But it’s back to St Paul who gives us the best New Testament teaching on the matter – second only to Jesus Himself. In 2 Corinthians 9 verse 7 we read, “Each one must give as he has decided in his heart, not reluctantly or under compulsion, for God loves a cheerful giver.” Those Corinthian Christians must have been keeping to the letter of the good practice of being generous but perhaps it was being done from a place of resentment or as a matter of duty. Paul says this simply will not do; resentment and duty are not words that characterise the way God is generous with us and it must not be how we are to be with other people either. The truth of the matter is summed up in John 3 verse 16, “For God so loved the world, that he gave his only Son, that whoever believes in him should not perish but have eternal life.” The point here is that God gave the greatest gift of all in the most generous act of grace and generosity the world has ever seen. This was when He sent His Son into world for our sakes. Such generosity on the part of God requires a generous response on our behalf in return!
Anyway returning to St Paul once more – Philippians 4 verse 19, “And my God will supply every need of yours according to his riches in glory in Christ Jesus.” Just imagine that… EVERY need of ours supplied by a gracious God. And it’s true if we think about it. God gives us everything we need – perhaps not everything we WANT but certainly everything to enable us to reflect His beauty and perfection, His Kingdom and most important of all, His love!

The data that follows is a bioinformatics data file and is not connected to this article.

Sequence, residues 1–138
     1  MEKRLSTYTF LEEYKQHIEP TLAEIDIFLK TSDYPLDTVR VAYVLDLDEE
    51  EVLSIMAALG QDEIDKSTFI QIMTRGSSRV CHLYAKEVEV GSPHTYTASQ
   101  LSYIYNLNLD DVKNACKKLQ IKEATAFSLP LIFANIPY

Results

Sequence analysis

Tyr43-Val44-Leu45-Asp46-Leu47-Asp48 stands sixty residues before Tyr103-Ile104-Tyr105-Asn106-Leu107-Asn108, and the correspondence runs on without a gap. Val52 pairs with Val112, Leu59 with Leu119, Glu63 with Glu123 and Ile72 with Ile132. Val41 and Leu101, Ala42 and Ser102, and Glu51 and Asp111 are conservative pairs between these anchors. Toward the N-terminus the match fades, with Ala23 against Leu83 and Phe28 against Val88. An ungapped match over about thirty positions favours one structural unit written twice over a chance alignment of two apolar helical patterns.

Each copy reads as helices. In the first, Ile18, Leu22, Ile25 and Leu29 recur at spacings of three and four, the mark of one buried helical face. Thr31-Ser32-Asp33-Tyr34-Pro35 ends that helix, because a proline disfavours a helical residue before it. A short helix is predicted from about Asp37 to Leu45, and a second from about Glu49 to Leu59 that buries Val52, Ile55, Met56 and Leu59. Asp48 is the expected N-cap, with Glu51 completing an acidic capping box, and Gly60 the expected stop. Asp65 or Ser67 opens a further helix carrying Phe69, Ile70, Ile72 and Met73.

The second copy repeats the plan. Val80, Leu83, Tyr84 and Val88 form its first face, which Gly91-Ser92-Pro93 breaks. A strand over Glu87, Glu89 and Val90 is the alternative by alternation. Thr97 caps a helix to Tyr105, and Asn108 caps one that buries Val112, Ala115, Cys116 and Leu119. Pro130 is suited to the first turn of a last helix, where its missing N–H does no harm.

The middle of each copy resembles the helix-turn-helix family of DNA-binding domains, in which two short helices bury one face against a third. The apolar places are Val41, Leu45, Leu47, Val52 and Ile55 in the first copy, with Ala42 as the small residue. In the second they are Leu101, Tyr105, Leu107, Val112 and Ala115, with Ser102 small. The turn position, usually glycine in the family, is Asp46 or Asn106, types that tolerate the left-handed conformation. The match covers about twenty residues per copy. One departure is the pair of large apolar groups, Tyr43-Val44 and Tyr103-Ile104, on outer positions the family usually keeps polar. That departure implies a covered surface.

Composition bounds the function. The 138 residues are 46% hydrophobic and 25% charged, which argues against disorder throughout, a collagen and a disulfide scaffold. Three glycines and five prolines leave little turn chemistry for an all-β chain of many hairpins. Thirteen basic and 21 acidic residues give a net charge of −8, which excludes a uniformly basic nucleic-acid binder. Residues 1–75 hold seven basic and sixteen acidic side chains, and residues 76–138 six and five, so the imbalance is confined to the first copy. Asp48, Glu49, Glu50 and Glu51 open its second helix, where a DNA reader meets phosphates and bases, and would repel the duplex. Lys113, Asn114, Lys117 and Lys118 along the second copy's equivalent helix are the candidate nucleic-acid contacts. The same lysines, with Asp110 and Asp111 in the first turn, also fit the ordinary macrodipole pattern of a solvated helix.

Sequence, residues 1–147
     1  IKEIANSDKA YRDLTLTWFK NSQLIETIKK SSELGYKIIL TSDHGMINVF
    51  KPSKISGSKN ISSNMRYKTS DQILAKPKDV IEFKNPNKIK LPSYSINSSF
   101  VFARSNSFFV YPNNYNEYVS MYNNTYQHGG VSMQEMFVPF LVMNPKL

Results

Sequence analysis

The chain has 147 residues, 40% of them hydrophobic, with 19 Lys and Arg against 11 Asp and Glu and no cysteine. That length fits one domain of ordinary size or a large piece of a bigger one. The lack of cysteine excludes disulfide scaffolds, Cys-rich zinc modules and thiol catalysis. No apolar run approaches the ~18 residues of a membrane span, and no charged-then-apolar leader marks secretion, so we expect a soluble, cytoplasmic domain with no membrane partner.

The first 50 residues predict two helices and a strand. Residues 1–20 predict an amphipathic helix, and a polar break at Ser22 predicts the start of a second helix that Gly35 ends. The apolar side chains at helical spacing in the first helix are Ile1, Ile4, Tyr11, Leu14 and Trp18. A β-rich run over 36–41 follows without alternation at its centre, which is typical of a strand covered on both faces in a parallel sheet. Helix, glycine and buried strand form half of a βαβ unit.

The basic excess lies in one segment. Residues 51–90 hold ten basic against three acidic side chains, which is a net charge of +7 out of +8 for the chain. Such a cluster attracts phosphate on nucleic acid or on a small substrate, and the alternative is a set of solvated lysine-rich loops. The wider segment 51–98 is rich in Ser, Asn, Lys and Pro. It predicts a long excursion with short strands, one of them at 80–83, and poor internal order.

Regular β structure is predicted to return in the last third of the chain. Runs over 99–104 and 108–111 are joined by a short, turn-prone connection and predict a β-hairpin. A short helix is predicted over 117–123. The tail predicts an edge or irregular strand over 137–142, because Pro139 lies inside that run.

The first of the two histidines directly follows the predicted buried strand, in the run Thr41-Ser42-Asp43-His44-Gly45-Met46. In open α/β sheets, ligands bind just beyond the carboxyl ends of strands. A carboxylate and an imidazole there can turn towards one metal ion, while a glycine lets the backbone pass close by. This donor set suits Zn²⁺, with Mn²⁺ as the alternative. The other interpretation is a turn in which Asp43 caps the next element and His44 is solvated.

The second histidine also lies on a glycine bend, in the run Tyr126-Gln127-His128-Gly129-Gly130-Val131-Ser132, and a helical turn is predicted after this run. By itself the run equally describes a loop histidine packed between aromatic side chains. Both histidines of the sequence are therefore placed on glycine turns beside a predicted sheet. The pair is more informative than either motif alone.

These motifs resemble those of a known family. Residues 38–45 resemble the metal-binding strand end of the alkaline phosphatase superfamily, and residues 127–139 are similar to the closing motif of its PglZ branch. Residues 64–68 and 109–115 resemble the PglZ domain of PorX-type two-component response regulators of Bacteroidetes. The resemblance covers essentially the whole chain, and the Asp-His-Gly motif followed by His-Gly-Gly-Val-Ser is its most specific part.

2 Corinthians 9 verse 6, “The point is this: whoever sows sparingly will also reap sparingly, and whoever sows bountifully will also reap bountifully.” Again a very important truth is stated here that what we put into anything affects what the results will be. It’s like that in prayer… if we give prayer just a bit of out thought, attention, time and effort then it’s hardly likely to be the pleasurable experience that God created it to be! But it’s true of so many things and especially when it comes to our giving – the more we give away, the more we get back! But this is a challenge – a challenge which Christian people gladly take on: 2 Corinthians 8 verse 7, “But as you excel in everything—in faith, in speech, in knowledge, in all earnestness, and in our love for you—see that you excel in this act of grace also.”
And finally, not St Paul any more but the writer of the Letter to the Hebrews (they thought it was Paul for years and years but it wasn’t!); Hebrews 13 verse 16, “Do not neglect to do good and to share what you have, for such sacrifices are pleasing to God.” Put simply and starkly, the writer of Hebrews reminds us that generosity is costly… it’s a sacrifice. And if it’s not then it probably isn’t mirroring (however imperfectly) that great generosity of God which is so important to us. The Bible tells of the sacrificial generosity of God in Jesus Christ our Lord. He has been amazingly generous with us in giving us His Son. We are required to be generous in return – gladly, richly and sacrificially! Let us pray for the Grace to do that. Amen!